Verse > Anthologies > T. H. Ward, ed. > The English Poets > Vol. III. Addison to Blake
Thomas Humphry Ward, ed.  The English Poets.  1880–1918.
Vol. III. The Eighteenth Century: Addison to Blake
Much Taste and Small Estate (from The Progress of Taste)
By William Shenstone (1714–1763)
SEE yonder hill, so green, so round,
Its brow with ambient beeches crowned!
’Twould well become thy gentle care
To raise a dome to Venus there:
Pleas’d would the nymphs thy zeal survey;        5
And Venus, in their arms, repay.
’Twas such a shade, and such a nook
In such a vale, near such a brook,
From such a rocky fragment springing,
That famed Apollo chose, to sing in.        10
There let an altar wrought with art
Engage thy tuneful patron’s heart,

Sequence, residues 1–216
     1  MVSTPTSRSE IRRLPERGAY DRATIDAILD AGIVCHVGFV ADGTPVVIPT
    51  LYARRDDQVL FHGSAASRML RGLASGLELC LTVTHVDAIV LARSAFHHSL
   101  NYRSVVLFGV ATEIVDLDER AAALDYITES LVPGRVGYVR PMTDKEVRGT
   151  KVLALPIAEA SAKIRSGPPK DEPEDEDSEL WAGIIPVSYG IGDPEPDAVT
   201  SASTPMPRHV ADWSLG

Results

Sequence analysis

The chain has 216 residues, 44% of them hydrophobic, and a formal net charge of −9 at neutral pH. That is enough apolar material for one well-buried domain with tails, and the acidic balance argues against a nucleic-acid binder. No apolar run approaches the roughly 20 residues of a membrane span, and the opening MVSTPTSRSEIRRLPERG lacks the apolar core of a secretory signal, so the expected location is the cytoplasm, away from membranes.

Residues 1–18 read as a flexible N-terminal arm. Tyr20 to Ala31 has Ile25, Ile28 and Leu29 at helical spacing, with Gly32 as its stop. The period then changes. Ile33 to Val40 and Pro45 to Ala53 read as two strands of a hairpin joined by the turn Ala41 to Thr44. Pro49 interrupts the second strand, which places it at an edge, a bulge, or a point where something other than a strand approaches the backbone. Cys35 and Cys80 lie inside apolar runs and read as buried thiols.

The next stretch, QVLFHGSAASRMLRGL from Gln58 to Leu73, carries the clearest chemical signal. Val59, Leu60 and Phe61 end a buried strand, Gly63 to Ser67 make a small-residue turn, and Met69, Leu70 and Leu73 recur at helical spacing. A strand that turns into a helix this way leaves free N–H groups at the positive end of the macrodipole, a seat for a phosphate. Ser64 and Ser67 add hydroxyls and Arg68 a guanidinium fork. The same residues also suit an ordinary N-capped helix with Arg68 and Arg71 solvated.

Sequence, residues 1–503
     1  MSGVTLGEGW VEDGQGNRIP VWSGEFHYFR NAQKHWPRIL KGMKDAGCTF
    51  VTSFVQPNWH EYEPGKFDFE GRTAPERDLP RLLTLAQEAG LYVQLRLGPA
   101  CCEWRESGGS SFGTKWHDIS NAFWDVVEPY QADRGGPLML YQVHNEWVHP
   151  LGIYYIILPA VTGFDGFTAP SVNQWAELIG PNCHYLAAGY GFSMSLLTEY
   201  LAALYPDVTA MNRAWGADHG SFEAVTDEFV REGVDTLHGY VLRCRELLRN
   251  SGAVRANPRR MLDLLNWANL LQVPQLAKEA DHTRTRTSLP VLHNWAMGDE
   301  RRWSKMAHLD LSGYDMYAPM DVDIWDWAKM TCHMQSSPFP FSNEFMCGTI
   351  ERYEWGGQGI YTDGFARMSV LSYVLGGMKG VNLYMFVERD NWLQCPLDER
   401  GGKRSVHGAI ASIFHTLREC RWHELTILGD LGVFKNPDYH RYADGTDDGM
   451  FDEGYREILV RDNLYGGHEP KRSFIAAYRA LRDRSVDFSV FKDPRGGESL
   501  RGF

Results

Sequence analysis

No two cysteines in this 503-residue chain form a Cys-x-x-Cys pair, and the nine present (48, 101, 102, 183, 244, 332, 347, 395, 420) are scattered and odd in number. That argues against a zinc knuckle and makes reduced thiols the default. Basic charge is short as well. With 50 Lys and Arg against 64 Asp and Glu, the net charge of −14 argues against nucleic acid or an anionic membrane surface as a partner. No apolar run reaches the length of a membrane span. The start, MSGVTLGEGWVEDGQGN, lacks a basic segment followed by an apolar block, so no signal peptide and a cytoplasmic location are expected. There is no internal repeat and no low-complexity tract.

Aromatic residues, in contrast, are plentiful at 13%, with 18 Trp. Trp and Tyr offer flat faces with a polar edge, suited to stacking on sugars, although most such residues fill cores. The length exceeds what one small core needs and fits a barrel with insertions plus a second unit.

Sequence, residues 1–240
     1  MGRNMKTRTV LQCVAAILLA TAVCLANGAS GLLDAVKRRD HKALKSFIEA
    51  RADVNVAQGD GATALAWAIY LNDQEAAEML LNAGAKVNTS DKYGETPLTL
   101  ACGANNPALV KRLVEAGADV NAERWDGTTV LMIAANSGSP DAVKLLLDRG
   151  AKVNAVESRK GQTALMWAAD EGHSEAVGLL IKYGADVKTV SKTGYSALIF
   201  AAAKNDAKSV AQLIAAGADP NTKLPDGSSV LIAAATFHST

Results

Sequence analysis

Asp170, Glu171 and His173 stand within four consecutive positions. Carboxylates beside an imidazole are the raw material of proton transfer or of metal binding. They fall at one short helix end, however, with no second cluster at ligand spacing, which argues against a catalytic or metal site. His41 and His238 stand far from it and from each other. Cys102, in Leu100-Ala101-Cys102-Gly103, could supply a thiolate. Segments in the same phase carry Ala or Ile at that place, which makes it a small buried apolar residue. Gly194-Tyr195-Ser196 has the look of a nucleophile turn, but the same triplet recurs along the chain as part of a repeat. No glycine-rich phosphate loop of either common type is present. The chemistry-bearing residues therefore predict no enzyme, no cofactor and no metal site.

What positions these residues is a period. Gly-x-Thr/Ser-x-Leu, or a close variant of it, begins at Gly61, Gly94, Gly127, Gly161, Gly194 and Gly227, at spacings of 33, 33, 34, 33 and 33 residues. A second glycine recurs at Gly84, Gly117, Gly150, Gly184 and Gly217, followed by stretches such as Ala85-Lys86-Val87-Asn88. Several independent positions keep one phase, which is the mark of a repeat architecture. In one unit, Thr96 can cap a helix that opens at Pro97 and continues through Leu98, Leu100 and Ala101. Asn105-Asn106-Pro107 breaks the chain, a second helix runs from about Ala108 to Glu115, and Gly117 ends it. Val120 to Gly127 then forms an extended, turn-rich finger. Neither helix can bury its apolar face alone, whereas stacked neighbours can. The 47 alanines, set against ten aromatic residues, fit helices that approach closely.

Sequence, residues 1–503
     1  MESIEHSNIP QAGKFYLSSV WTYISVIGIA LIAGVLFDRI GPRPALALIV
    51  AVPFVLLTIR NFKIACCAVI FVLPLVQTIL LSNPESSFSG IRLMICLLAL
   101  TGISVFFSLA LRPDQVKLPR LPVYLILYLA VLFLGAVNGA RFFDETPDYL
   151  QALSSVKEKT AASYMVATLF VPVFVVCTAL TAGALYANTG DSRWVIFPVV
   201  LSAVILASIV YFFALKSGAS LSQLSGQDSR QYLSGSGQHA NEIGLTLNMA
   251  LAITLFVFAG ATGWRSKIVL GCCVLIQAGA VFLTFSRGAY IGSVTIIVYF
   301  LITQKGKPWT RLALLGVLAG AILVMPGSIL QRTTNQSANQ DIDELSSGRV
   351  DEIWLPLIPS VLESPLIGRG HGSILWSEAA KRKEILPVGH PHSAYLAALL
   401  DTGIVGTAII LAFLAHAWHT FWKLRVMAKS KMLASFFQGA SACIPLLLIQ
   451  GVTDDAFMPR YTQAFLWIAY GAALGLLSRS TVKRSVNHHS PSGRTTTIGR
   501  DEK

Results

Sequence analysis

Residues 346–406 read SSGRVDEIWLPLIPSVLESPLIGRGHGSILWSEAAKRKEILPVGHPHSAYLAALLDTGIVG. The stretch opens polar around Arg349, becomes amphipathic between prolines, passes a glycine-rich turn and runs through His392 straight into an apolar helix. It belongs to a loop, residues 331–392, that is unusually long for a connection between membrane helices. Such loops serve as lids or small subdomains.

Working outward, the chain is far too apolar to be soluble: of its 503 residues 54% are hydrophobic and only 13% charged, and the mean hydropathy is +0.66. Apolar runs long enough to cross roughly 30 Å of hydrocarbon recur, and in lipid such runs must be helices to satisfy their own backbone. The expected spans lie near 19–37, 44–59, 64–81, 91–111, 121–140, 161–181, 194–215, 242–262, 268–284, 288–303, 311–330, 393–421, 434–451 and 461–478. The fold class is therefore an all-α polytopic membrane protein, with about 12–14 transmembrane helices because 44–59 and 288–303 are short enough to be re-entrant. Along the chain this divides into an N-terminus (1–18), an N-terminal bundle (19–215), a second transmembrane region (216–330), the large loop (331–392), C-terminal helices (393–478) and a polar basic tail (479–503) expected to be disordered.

How charming there to muse and warble
Beneath his bust of breathing marble!
With laurel wreath and mimic lyre        15
That crown a poet’s vast desire.
Then, near it, scoop the vaulted cell
Where Music’s charming maids may dwell;
Prone to indulge thy tender passion,
And make thee many an assignation.        20
Deep in the grove’s obscure retreat
Be placed Minerva’s sacred seat;
There let her awful turrets rise
(For Wisdom flies from vulgar eyes:)
There her calm dictates shalt thou hear        25
Distinctly strike thy listening ear:
And who would shun the pleasing labour
To have Minerva for his neighbour?
*        *        *        *        *
But did the Muses haunt his cell?
Or in his dome did Venus dwell?        30
Did Pallas in his counsels share?
The Delian god reward his prayer?
Or did his zeal engage the fair?
When all the structures shone complete
Not much convenient, wondrous neat;        35
Adorned with gilding, painting, planting,
And the fair guests alone were wanting.
Ah me! (’twas Damon’s own confession)
Came Poverty and took possession.

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